This historic, monumental legislation will eliminate one of the biggest health concerns this country faces – that of the increasing risk of antibiotics becoming ineffective on humans based on their massive overuse on farmed animals. 23,000 Americans lose their lives each year because antibiotics no longer work for them. The number is rising. Imagine you come down with a simple infection. Commonplace. The symptoms are getting worse so you go in for prescribed antibiotics to knock it down. Routine. Been there before. Only the antibiotics, this time, no longer work. Your infection worsens, becomes life threatening - then life extinguishing... This happened to over 23,000 Americans last year. This is examined in detail in the articles and information curated in faCE ISSUE #3, ANTIBIOTICS

Maren McKenna notes in her article that California's action will impact the country because it is one big puppy: "According to the U.S.Department of Agriculture’s Economic Research Service, California is the country’s biggest dairy producer and third-leading state (behind Iowa and Texas) for beef cattle. It produces 5 percent of US milk, beef cattle, and chicken eggs."

There is another effect of State Assembly Bill 27 that, we find, may prove to be just as significant. The massive use of antibiotics on livestock, administered routinely in their food and water for disease prevention and control, is a practice that is completely unnecessary when humanely rearing sustainably farmed, pastured livestock – as nearly any small family farmer or rancher will tell you. This massive overuse of antibiotics on livestock for disease prevention and control is administered on factory farms because the living conditions, due to vast overcrowding, are so vile, so toxic and so debilitating that, without constant dosing of antibiotics, large percentages of factory-farmed livestock very probably would succumb to disease and die. Factory farms are a living hell for the creatures captive within their confines. 

By prohibiting antibiotic misuse, Bill 27 should force factory farmers to begin to take steps to lessen animal overcrowding, to clean up their pestilent living environment, perhaps even to abandon the horror that is the system of factory farming itself.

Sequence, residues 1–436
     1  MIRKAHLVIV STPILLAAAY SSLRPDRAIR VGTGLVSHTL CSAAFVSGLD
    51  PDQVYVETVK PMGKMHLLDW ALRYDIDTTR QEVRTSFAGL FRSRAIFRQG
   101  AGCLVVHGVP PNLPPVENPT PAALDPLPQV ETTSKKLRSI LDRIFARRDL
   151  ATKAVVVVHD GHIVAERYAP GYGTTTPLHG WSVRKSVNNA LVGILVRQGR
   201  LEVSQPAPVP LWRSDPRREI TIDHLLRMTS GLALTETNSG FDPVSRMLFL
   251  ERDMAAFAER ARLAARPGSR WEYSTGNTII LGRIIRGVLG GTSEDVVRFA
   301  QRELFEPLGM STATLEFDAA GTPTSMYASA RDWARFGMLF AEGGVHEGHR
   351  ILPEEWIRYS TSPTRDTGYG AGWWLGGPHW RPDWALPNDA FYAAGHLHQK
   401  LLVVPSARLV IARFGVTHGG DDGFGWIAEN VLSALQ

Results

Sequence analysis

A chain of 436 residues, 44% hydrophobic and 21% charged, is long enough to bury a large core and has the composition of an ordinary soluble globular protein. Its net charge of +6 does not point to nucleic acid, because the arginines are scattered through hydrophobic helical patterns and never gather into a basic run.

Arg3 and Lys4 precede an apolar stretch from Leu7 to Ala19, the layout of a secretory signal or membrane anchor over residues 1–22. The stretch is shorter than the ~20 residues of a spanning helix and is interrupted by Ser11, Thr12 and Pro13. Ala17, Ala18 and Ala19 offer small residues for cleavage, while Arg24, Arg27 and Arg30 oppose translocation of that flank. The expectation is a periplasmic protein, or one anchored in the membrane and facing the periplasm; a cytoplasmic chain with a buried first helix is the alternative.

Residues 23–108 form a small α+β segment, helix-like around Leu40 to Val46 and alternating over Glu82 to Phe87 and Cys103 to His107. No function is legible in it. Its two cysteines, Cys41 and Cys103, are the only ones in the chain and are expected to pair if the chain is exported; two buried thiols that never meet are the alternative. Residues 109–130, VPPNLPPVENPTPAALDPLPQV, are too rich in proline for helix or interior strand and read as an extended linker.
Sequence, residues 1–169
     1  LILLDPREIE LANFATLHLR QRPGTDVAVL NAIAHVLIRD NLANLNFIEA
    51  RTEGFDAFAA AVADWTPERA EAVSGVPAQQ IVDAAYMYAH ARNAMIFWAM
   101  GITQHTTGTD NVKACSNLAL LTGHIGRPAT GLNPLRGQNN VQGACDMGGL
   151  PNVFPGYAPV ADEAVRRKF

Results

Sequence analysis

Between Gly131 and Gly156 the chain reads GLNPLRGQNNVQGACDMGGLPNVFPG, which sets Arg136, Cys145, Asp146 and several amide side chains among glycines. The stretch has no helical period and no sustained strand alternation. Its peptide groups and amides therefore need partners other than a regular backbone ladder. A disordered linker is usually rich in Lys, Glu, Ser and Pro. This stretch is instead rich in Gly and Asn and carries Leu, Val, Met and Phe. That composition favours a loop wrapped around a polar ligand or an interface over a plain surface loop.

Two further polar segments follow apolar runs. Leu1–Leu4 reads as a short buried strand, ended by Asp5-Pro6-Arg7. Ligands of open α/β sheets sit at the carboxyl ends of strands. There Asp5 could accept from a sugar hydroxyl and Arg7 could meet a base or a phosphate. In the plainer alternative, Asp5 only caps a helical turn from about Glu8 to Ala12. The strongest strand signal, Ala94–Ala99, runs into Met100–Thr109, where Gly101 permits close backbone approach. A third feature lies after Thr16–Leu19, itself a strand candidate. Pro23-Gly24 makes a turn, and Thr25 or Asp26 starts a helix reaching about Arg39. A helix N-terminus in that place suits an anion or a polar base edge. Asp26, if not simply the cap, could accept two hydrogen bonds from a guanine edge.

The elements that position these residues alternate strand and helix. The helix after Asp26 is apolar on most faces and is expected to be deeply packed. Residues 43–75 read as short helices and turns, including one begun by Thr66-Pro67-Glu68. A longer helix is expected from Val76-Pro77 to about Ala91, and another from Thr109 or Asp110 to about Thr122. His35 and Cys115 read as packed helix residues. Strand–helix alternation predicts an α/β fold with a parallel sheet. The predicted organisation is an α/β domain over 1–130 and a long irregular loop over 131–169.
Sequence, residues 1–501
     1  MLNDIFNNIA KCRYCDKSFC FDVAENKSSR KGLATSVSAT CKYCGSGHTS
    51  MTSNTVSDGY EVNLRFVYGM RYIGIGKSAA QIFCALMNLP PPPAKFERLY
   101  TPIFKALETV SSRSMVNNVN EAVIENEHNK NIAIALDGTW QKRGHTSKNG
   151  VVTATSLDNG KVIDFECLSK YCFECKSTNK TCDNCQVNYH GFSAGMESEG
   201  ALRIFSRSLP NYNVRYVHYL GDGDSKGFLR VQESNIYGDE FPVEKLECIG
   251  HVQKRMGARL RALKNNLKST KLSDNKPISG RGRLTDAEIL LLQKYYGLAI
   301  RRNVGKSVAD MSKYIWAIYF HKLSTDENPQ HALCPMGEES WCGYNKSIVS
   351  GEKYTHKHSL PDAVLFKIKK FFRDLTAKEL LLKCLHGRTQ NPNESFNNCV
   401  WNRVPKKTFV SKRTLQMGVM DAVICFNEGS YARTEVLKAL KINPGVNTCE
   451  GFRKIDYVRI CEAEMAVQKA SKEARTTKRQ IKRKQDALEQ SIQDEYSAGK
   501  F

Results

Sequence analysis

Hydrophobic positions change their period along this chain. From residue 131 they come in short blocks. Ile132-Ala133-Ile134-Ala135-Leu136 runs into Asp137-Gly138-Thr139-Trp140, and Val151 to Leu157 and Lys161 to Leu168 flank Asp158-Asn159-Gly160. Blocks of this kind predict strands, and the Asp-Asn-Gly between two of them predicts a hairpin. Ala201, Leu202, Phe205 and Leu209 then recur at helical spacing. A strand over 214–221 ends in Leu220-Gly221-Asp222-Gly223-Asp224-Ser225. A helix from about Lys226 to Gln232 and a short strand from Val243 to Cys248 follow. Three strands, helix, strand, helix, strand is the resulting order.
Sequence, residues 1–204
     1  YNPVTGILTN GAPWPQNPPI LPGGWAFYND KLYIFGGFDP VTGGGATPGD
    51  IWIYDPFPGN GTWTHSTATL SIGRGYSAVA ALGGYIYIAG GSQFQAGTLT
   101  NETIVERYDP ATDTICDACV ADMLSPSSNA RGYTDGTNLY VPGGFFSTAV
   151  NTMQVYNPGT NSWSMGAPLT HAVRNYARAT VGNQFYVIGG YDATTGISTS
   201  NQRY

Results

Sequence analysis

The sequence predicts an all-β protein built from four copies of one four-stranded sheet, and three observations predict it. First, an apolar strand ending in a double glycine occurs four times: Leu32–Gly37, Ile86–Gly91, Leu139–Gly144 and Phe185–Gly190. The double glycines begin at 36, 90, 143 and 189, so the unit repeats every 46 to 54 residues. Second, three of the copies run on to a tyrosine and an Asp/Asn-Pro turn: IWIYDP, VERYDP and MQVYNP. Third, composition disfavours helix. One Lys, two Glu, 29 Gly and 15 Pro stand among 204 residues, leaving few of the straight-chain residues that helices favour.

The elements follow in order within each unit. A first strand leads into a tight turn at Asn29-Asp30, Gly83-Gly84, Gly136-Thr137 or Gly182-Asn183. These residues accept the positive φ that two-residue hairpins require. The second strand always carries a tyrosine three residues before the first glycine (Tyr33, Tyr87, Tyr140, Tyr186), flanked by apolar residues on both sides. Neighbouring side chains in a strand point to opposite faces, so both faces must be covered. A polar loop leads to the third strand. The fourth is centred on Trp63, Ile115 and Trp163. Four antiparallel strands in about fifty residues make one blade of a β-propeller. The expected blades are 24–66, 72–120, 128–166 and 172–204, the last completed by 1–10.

They certainly will no longer have recourse to the routine dosing of antibiotics to keep these suffering animals alive.

If you haven’t seen how cruel factory farming is, and would prefer not to, just look at Why Are These People Crying? in faCE TIME. This beautiful article doesn’t show you what these people - who are crying -  are watching. With just one simple sentence accompanying each photo which describes what they are watching, it lets you imagine what they are witnessing by experiencing their reactions.

One of my heroes, in this context, is a man who started a small restaurant in 1993. It was popular from the get-go. Today, Steve Ells oversees as Founder and Co-CEO, 1,900 of them – 1,900 Chipotles. In the brutally competitive food business, his company mandate is to make best efforts to buy produce locally and from farmers who use crop rotation to protect the quality of their soil, and to source pigs that are humanely raised. Earlier this year, when he could find NO PIGS IN THE COUNTRY that were humanely raised, he pulled popular carnitas off his menus – taking a huge risk that his customers would bolt down the street to eat at a competitor’s - any one of several who served pork with little concern for the life-long suffering each animal endured or the health risks to you from the virulent environment it came from. His customers stayed loyal. And it is no coincidence that some pork suppliers are now changing the way they raise their pigs. 

Finally, one of the best articles, and one that sums up this powerful Issue 7, is our lead article, Why I’m An Animal Rights Activist When There Is So Much Human Suffering In The World. Tracey Narayani Glover’s piece is a must read. Please do.

In your own way, please get active on behalf of animals.

There is much much more that needs to be done to end the cruelty of factory farming. We're only getting started. Farm Animal Compassionate Engagement is about solutions. There’s much more to learn about and discover on our site. Take a little time and explore faCE.

  • Eat less meat and dairy.
  • Know your food sources.
  • Avoid factory farmed meat and dairy products completely.
  • Keep your friends and family informed. 

Love, value and care for life. All life.